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It can be very stressful having a baby in the NICU. During this time, it is helpful to include siblings as much as possible; to explain in simple terms what is happening with your new baby; to reassure them that they have not caused the baby to be early, sick, or small; and to remind them that they are not the source of your current worries. Most of all, you should reserve special time just for them, and remind them daily of your constant and unconditional love. More than ever, they need to feel secure, valued, safe, and loved by you and others.

Platypus Media is proud to offer a number of NICU sibling support resources. We hope these will be meaningful and useful for families experiencing the difficulty of having a child in the NICU. 

Resources for NICU Families
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The Come Home Soon coloring book series (available for baby boys and girls, in both English and Spanish) will help you guide your children to an understanding of why their baby sister or brother is in the NICU, and what they can do to help.

Rich and Creamy for Our Preemie, by Naomi Bar-Yam, ACSW, Ph.D., available in English and in Spanish, is a coloring book about how the NICU, milk banks, and families work together to help preemies. 

Here is a list of other NICU sibling support resources: 

  • Hand to Hold sibling support webpage ( offers sample activity pages and NICU video tour.

  • No Bigger than My Teddy Bear by Valerie Pankow describes the NICU experience through the eyes of a new big brother.

  • My Brother is a Preemie/My Sister is a Preemie: A Children’s Guide to the NICU Experience by Abraham R. Chuzzlewit & Dr. Jos. A. Vitterito II gives a child-friendly introduction to the NICU.

  • The Invisible String by Patrice Karst reassures children that even when loved ones are apart, they are always in each other’s hearts.

Keep reading for a list of organizations that help preemie families...

Different Dream serves as a gathering place for parents with special needs children.

Hand to Hold provides resources and support to parents of preemies, babies with special health care needs and new parents who have lost a baby.

Human Milk Banking Association of North American provides information and resources on donor milk banking for parents and health care providers. It also sets safety guidelines for all non-profit mothers' milk banks in North America.

Kangaroo Mother Care promotes skin-to-skin contact, a universally available and biologically sound method of care for all newborns, and preemies in particular.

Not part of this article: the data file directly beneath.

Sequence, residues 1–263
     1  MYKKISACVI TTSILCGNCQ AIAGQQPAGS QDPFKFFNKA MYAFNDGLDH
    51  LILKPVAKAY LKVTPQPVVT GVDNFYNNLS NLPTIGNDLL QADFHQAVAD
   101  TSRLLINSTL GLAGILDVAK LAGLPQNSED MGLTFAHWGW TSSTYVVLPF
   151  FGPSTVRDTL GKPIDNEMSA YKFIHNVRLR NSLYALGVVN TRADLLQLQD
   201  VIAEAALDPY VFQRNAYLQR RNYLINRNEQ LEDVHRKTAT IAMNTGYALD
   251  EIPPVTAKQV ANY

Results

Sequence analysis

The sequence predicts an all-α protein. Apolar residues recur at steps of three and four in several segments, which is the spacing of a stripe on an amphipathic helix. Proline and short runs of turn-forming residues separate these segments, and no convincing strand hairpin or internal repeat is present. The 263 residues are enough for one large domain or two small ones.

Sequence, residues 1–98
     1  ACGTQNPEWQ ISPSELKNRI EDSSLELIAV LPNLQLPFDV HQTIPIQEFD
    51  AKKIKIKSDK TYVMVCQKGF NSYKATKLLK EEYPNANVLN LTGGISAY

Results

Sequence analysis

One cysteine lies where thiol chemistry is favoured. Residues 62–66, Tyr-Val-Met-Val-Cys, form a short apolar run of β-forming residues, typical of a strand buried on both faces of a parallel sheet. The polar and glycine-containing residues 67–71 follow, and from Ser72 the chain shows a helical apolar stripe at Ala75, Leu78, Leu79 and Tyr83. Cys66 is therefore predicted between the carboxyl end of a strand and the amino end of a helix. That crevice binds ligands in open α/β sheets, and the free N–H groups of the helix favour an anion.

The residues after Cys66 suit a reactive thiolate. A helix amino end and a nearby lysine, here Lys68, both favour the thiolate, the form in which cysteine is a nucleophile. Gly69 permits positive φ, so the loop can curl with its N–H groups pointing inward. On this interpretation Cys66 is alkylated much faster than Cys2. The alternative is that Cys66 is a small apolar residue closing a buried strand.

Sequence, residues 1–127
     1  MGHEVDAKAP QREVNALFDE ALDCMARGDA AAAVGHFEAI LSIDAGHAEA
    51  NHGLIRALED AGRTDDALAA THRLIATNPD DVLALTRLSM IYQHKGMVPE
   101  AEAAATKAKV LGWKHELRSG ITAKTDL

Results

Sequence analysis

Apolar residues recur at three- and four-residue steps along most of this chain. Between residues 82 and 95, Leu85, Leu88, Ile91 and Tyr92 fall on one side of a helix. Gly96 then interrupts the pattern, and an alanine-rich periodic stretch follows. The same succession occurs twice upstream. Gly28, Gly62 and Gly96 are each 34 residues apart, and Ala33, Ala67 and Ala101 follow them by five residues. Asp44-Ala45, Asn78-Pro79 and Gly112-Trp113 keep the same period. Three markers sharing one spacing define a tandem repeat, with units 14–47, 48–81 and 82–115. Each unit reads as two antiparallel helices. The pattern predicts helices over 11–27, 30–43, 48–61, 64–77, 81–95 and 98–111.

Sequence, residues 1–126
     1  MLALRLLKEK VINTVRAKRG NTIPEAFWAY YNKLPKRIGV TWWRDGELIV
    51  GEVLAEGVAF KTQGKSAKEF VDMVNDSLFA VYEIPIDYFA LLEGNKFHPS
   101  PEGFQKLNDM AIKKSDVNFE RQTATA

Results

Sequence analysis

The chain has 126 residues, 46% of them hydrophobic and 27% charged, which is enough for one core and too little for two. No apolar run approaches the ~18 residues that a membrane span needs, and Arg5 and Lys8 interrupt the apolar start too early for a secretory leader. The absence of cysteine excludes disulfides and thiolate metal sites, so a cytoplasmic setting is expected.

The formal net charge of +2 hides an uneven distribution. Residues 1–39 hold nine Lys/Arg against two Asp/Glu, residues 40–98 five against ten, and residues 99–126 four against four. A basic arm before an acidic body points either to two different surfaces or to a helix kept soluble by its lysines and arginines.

La Leche League International is a mother-to-mother breastfeeding support organization. They are a source of information and firsthand accounts related to providing preterm babies with breastmilk.

Managing the Neonatal Intensive Care Unit is an article from the Loyola University of New Orleans' online nursing resource center. A great resource for students, professionals, and even parents of babies in the NICU.

March of Dimes (MOD) has a wealth of information about the NICU. They support an online community especially for NICU families. March of Dimes NICU Family Support programs operate in many NICUs. (Also available in Spanish.)

National Premature Infant Health Coalition consists of a variety of support organizations focused on improving the lives of parents and their preemies.

NICU Parent Support Site provides information, resources, and encouragement to reassure and support NICU parents.

Prematurity strives to support preemie parents by providing information on prematurity and preemie care.

Preemie Parent Alliance(PPA) represents a number of organizations that help support the parents of preemies and strives to improve the quality of the care they provide.

Preemie World brings together parents and professionals in the NICU. They strive to educate and help make the transition to home easier for everyone.

Ronald McDonald House serves as a home away from home for families with children receiving medical treatment. Families can do laundry, eat freshly cooked meals, sleep in private rooms, and gain/give support with other families.

Supplemental Security Income (SSI) and Medicaid Programs provide financial assistance for NICU medical expenses. Eligibility for assistance is determined by a baby's birth weight rather than an income. You must apply for these programs shortly after your baby is born. Ask your social worker or care manager for assistance.

WIC (Women, Infants, and Children) provides nutritious foods to supplement diets, information on healthy eating, and referrals to health care for women, infants, and children up to 5 years. Even if you have been denied Medicaid due to financial reasons, you might still qualify for WIC.

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